iOS app Android app More

Gary Cohan

Gary Cohan

Posted: June 30, 2009 10:30 AM

Celebrity "Roadkill": A Black Box Warning for Physicians


Judy Garland, Marilyn Monroe, Elvis, Anna Nicole, Heath Ledger and now Michael Jackson. All dead at an untimely age. All enormously famous. (Five of the aforementioned also extremely talented.) All tortured souls. All in need of assistance with physical and psychic pain. All victims of enabling, celebrity-obsessed physicians.

After reading Deepak Chopra's and Dr. Drew Pinsky's superb blog about celebrity-treating physicians becoming "high" on the fame of their famous clientele, I noted that a critical point was missing. How can a vulnerable physician resist the temptation to "bend the rules" for these "tabloid elites?"

A "Black Box Warning" is the highest level of FDA-mandated admonitions for doctors that a particular prescription drug may cause serious or even life-threatening adverse effects. It is so named for the bold type and the black border that usually surrounds the text of the warning. The following is my "black box warning" for physicians who endeavor to treat celebrity clients.

My medical practice is situated geographically in the epicenter of Hollywood and of many physician-narcissists -- Beverly Hills, California. As a well-known primary care physician, I have watched in horror as my low-self-esteem M.D. "colleagues" attempt to amass a "celebrity practice" only to realize that these terribly damaged but wealthy, powerful, seductive and famous patients often become their worst nightmare.

These clients often attempt to manipulate with words, performance skills, dollars and the reflected glory of their celebrity and then "entrap" the ofttimes well-intentioned but blindly ambitious physician into becoming a part of their "entourage." They typically demand that the doc manage their psychological pain with physical pain medications like opiates. The outcomes are predictably disastrous and have now become a tragic cliche in the entertainment world.

The fix is simple. Physicians need to check their egos at the exam room door and learn to "Just Say No."

A "self-esteem check" is critical before any medical professional opens their narcotic prescription pads. Just because the patient elicits a strange type of "respect" from your colleagues and your clinical staff (probably just misguided envy) does not mean that you are somehow an "elite" physician who is entitled to bend to the whims of your famous patients or break the rules of good doctoring.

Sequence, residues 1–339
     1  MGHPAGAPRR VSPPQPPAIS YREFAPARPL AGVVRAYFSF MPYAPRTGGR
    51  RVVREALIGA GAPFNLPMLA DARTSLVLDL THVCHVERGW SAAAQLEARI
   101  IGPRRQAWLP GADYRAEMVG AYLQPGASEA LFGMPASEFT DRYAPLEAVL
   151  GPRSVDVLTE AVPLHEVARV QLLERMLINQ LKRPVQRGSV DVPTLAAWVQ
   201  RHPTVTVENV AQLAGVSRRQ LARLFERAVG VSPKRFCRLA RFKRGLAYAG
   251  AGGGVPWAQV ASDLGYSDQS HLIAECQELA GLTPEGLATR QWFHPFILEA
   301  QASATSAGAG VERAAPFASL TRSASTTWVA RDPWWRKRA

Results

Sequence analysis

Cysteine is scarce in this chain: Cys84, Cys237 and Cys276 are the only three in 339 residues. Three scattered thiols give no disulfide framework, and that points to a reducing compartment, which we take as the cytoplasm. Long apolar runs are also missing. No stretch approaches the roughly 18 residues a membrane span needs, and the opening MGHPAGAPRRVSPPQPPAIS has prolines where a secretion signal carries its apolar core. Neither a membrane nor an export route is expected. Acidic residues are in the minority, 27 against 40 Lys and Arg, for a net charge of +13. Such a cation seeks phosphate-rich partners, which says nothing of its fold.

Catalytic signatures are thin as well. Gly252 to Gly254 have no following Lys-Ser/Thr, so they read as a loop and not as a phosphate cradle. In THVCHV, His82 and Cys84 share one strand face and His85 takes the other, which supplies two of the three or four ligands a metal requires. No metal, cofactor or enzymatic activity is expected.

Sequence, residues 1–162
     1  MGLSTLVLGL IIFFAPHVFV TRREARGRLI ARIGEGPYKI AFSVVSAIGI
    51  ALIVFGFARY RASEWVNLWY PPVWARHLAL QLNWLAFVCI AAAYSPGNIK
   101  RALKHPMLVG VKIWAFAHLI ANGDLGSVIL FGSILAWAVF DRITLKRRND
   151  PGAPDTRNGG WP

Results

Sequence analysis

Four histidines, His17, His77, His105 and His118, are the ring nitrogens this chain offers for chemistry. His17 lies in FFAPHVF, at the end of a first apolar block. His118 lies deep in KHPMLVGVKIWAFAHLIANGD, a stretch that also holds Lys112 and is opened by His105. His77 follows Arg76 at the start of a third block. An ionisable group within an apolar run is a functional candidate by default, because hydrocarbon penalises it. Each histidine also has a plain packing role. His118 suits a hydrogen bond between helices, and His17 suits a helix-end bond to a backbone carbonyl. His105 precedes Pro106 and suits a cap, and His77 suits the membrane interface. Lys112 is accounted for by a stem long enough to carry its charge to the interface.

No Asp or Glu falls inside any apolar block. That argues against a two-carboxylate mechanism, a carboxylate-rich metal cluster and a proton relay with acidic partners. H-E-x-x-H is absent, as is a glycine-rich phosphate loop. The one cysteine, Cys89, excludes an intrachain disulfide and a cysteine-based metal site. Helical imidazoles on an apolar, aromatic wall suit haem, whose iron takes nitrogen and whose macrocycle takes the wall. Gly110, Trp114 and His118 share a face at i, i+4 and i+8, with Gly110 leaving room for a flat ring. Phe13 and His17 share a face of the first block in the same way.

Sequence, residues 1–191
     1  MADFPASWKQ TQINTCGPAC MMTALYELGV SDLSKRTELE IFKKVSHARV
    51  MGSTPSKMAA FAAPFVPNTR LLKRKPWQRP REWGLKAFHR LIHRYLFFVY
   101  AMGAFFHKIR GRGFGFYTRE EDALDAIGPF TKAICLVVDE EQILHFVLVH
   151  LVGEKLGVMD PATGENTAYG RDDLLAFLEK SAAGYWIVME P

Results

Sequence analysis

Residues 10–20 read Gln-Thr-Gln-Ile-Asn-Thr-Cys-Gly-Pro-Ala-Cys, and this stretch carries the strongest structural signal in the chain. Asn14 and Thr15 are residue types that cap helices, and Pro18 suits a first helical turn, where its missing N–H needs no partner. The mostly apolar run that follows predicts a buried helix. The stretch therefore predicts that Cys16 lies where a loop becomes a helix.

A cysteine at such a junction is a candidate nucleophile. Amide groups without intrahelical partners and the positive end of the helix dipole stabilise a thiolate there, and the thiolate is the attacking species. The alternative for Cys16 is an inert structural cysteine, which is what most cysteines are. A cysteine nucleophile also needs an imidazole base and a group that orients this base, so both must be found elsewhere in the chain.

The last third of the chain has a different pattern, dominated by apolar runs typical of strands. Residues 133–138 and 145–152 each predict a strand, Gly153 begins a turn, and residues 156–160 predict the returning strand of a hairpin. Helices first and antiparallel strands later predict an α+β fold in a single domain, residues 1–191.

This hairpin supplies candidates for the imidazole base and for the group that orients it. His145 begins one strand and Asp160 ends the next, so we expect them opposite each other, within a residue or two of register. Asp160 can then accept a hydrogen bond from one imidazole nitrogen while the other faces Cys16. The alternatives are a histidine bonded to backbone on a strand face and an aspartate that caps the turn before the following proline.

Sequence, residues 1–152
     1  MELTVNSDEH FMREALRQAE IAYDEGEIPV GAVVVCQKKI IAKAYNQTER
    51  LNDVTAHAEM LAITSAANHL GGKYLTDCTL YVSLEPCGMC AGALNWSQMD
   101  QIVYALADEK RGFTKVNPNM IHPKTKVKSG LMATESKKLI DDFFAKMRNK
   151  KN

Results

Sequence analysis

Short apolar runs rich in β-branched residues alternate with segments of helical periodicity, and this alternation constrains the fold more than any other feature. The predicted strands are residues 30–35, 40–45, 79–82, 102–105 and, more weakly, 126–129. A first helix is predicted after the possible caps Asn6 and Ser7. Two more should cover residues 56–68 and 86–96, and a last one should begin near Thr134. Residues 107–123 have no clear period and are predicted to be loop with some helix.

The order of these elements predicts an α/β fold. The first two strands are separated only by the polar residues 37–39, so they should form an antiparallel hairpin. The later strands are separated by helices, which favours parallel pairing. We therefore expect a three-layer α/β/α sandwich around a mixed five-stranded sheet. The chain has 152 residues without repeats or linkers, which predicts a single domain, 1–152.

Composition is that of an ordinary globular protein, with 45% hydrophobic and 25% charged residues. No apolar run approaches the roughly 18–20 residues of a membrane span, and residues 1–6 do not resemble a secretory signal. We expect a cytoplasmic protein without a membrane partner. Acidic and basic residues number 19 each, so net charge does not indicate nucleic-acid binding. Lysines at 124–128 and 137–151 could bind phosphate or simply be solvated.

These patients are every bit as mortal as any other vulnerable soul who enters your office doors. You have taken a sworn oath to treat the whole patient -- physical and psychic pain symptoms included -- in a responsible manner that is in accordance with accepted standards of medical practice. And you also have the added responsibility to monitor these extraordinarily "at risk" humans ever more vigilantly for signs of drug dependence and abuse.

Every California physician has access to a widely available but little-publicized tool which can be critical to your patients' well being. The California Department of Justice's CURES (Controlled Substances Utilization Review and Evaluation System) database allows a licensed, treating physician to request a "Patient Activity Report" -- essentially a complete historical listing of all of the controlled substance a particular person has been prescribed -- by ANY physician.

All the doc need do is take a moment to fax a form requesting prescription information to the state's CURES Program and the list is then faxed to your office within 24 hours. The treating physician can then determine quite easily whether a particular patient is "doctor-shopping" with several physicians for multiple controlled substance prescriptions. If so, the patient can be confronted, counseled and referred to a formal pain management program, substance use counseling and/or a psychiatric professional.

To my fellow physicians: Do you really want a medical practice filled with demanding and unreasonable patients who ask you to cross the boundaries of medical ethics and accepted standards of practice just to feel good about yourself? Do you truly want to sacrifice your medical license on the altar of celebrity "culture?"

I am "famous" -- and respected -- for saying the word "no" to my celebrity clients when their requests cross the line. I gently inform them that a good physician is not like the drive-thru lane of a fast food restaurant. You can't just bark your order into the physician's ear and expect to pick up your narcotic prescription at the next window. That's why my name is on your prescription bottle -- because I am taking responsibility for your health as it relates to this particular medication.

Why do I maintain and consistently apply this policy to ALL of my patients? It's because I am sworn to a Hippocratic Oath that mandates primum non nocere -- "first, do no harm."

I realize that I may be the one person in their sphere of friends, lovers, agents, studios and fans that may be in the position to speak truth to celebrity "power." I have the privilege, the responsibility and the opportunity to protect these vulnerable souls from themselves. If I am unable to rise to this challenge, then I have no business treating celebrity patients in the first place.

If the celebrity patient leaves in a huff to "doctor-shop" after I refuse to fill their order for inappropriate prescriptions, then so be it. After a quarter century of medical practice I know that I cannot control the reckless actions of wealthy and entitled people.

If, however, they respect the doctor-patient relationship, heed my advice about how to manage the massive stressors of their own careers, then they should be able to navigate the dangerous high seas of fame, remain healthy, pain-free and productive and, most importantly, avoid becoming Hollywood "roadkill."